Friday, November 11, 2005

500-km walk to usher in peace

Razen Manandhar
Kathmandu, November 10[2005]:

Thirty pilgrims will embark on a 500-km march — from the Namobuddha in Kavre to Lumbini, the birthplace of Lord Buddha — for world peace tomorrow morning.
“The team will begin their journey from Namobuddha hill on Friday and will finally pray for world peace at the sacred garden of Lumbini after walking for 25 days,” Dr Lam Ty Ni, the coordinator of the pilgrims’ team, told The Himalayan Times today.
Sixty-year-old Dr Lam, also known as Ven Huyen Deieu, came to Lumbini in 1969, in search of peace from war-torn Vietnam and started working for the development of the holy shrine.
The team includes 10 Vietnamese, three Indians, one Japanese, a Korean and 15 Nepalis. The eldest member of the team is 62-year-old monk Lama Karma Lhundrub, while 17-year-old nun Ven Susiloti is the youngest in the lot.
The pilgrimage will pass through Banepa, Patan, Bouddha and Swoyambhu before leaving the valley from Balambhu and Naubishe on November 15. After crossing Baireni, Richoktar, Kirutar, Abukhaireni, Dumre, Damauli and Dulegauda on foot the team will reach Pokhara on November 23.
Worshipping at Peace Pagoda on November 24, the pilgrims will pass through Phedikoda, Rangkhola, Waling, Galyang Bhanjyang Malumga, Arya Bhanjyang, Tansen, Kerabari, Butwal, Bhairahawa and arrive at Lumbini on December 4.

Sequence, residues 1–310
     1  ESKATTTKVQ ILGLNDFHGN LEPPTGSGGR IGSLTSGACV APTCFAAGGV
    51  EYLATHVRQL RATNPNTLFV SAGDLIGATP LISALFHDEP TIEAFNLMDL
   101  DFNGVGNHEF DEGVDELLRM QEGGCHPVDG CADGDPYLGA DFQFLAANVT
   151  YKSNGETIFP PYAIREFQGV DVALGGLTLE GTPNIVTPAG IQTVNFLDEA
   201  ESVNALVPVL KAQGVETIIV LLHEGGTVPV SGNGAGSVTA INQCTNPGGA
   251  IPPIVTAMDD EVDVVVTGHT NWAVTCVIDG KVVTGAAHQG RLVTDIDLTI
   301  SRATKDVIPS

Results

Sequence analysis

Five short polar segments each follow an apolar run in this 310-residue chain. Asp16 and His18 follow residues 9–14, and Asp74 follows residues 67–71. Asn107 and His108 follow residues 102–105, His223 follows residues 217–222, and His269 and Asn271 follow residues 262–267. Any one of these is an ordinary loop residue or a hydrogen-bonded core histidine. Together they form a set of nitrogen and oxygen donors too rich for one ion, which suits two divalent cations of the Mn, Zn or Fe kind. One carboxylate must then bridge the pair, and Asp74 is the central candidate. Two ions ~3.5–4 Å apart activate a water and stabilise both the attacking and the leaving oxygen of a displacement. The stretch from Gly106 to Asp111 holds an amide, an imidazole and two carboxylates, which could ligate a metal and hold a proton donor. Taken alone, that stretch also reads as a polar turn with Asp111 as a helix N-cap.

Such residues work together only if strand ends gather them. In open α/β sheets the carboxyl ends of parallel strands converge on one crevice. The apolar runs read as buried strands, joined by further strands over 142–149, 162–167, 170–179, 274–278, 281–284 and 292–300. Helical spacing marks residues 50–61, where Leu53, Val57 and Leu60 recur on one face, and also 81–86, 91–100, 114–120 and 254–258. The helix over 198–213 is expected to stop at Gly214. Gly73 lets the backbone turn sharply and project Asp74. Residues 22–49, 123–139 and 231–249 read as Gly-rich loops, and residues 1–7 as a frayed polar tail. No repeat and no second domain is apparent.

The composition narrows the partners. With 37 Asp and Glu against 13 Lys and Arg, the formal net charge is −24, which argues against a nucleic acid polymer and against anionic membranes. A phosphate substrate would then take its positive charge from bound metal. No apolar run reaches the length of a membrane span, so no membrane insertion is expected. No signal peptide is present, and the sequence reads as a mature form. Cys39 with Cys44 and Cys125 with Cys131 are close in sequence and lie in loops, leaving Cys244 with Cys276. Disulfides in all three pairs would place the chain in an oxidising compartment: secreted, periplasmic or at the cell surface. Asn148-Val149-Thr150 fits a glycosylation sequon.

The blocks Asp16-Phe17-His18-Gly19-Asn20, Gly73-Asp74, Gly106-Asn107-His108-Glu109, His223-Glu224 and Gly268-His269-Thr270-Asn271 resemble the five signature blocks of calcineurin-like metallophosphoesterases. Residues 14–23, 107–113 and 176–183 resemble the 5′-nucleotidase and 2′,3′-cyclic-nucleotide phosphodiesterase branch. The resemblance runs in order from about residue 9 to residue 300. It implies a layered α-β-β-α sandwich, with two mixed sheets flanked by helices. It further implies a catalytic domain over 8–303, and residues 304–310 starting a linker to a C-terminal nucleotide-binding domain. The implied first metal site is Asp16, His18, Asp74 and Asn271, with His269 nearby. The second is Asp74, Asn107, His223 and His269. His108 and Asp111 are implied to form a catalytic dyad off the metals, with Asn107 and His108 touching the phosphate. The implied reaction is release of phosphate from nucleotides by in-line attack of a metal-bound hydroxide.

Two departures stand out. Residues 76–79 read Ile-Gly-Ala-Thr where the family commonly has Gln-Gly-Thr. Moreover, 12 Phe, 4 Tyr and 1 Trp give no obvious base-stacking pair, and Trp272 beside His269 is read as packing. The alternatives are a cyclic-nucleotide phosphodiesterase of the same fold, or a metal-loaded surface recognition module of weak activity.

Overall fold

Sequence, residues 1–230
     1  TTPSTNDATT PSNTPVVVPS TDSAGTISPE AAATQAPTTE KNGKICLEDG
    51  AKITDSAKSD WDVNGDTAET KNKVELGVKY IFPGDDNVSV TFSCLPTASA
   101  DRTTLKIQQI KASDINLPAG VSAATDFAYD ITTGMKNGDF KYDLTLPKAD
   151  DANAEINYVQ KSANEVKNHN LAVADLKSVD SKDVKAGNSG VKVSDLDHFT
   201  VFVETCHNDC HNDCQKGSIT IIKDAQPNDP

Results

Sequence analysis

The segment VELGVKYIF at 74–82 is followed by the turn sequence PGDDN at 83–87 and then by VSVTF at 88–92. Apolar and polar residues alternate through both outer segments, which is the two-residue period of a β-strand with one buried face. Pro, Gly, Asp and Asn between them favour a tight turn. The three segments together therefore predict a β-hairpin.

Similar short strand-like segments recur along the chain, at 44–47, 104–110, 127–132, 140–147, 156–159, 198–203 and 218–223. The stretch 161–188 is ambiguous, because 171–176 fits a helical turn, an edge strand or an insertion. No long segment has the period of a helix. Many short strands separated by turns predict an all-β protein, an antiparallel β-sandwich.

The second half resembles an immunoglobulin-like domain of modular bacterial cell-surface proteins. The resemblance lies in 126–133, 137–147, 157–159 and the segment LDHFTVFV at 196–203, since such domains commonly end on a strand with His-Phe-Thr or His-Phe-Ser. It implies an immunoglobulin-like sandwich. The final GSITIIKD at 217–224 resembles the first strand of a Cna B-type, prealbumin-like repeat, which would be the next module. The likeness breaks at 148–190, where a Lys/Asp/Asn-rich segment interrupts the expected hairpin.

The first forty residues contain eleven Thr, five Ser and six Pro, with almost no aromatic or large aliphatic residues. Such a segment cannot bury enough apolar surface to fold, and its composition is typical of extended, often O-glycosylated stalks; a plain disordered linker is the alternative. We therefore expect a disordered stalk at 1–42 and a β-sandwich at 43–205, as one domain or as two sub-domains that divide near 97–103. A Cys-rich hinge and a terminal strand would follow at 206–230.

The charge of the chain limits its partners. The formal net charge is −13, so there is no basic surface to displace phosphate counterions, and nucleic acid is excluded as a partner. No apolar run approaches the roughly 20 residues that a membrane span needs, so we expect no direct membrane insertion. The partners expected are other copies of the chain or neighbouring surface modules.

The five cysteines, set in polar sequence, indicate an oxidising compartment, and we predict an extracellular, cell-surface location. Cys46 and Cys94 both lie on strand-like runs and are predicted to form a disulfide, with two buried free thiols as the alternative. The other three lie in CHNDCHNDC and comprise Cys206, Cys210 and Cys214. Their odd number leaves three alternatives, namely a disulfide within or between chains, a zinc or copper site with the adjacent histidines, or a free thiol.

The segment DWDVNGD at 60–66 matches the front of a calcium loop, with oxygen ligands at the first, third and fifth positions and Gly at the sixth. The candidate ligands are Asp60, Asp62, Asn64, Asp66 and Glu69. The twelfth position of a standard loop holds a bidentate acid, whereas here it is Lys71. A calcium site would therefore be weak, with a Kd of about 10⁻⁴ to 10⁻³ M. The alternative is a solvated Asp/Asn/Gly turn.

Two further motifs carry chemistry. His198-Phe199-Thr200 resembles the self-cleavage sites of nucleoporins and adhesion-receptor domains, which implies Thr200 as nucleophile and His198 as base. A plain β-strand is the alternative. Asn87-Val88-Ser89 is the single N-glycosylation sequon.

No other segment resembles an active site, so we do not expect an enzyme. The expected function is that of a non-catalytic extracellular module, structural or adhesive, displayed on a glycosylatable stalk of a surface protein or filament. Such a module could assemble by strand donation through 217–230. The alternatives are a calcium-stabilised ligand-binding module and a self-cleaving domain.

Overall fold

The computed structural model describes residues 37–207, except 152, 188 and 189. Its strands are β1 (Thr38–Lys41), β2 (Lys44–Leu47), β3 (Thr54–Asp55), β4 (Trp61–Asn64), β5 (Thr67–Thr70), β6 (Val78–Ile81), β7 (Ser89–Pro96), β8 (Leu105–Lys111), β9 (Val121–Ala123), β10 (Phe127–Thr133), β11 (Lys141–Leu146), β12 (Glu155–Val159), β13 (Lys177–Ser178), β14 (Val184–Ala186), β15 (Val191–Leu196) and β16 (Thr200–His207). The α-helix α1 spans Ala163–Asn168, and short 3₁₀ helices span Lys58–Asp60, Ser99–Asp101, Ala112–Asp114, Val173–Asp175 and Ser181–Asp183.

The team will take shelter mainly in Buddhist vihars and public schools.
Dr Lam said the pilgrimage has a spiritual as well as a symbolic meaning. He claimed that the prayer would lead to an atmosphere for peace and hoped that after seeing young and old people walking for peace, the authorities will feel the necessity to do something for the peace.
According to him, all the concerned parties - the political parties, the king and the Maoists should sit together for resolving the decade-long war and let people live in peace and happiness.
He said war and peace are in people’s mind and arousing conscience and compassion helps people replace war with peace.
Ratnaman Skahya, a team facilitator and president of International Buddhist Meditation Centre, said two vehicles will follow the pilgrims for emergency support.